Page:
Road Tax was the highest I think I’ve ever paid despite the Vantage being my fourth V8. I’m sure it totalled up at £620 annually. Fuel? Yep as you might expect terrible, mid twenties at best but mine was tuned and making an extra 50bhp over standard, that being said it’s economy was improved after a software tweak. After my fiasco of smashing one of the 21” Niche wheels the previous owner had fitted I had to buy a set of rubber. I typically go with black circles and managed to get 245/40/19 and 285/35/19 Goodyear Eagle F1’s fitted locally for £556. I thought this was a bargain, Michelin Pilot Sport 4s would’ve been another £200 or so and I didn’t like them in the wet on my GT-R. My honest advice is if you’re looking to purchase a V8 Vantage of any sort out of warranty , find a good independent and shop around for parts. Ford seat motors, Volvo mirror covers , Volvo and Ford key fobs on early cars to save you a few quid from the stealers.

Ownership. I was in a group called V8/V12 Vantage owners and a couple of other Aston Martin groups. Overall most are very friendly and helpful when diagnosing yet another “they just do that” fault of which the Aston will spit its dummy out over. These can range from the EML light because you’ve driven it , or not driven it, or too hard or not hard enough, you get the gist. The reception on the roads you would not believe, many admiring looks, waves from grinning children and I’ve never been waved out of so many junctions.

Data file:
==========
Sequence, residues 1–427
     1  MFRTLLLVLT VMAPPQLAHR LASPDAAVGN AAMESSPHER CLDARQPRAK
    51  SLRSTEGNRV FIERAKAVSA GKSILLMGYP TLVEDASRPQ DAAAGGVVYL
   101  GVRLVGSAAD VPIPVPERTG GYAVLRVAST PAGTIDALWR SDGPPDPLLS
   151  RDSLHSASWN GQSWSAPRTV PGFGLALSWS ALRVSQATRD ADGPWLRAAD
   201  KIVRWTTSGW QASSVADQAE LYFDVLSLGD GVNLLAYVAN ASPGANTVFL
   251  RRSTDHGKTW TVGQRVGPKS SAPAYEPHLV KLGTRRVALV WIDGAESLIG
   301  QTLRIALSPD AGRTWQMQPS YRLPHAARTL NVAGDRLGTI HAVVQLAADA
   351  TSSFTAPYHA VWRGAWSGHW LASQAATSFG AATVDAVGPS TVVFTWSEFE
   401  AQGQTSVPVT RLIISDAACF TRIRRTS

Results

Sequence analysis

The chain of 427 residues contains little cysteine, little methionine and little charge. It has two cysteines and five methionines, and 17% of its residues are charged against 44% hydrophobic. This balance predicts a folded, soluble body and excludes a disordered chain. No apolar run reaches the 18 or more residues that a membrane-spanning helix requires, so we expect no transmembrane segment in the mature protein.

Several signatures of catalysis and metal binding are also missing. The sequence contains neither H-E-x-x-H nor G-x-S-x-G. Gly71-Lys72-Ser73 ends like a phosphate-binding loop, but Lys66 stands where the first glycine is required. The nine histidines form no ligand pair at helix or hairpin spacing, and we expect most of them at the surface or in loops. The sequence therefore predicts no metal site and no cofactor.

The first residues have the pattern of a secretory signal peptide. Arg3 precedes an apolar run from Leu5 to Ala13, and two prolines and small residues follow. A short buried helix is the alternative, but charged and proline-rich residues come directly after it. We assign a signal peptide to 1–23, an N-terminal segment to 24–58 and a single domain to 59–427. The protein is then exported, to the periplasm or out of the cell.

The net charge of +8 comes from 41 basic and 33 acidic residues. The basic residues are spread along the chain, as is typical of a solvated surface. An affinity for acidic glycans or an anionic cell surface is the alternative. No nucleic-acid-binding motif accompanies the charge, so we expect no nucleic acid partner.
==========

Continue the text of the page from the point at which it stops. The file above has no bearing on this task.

The Aston was adored virtually everywhere I took it and I had many pleasant conversations when filling up with petrol or doing the weekly shop. I’m quite a tall bloke at 6ft and I always found the dash hard to see over, you can feel like a really shit driver in a Vantage. Visibility is pretty poor of the bonnet and nose and with a high tail I had to reverse like a Countach to avoid decimating my carbon fibre buttocks. The fuel-filler cap button is in a stupid place. You can’t see it when you’re in the drivers seat and you’ll forget to press it 9 times out of 10. You can then enjoy walking back around the car, opening the door and pressing it while onlookers snigger. The SATNAV doesn’t exist I don’t care what spec your car is it doesn’t have one especially if it’s from Volvo. It doesn’t know where you are, where you’re going or have come from, just leave it down trust me.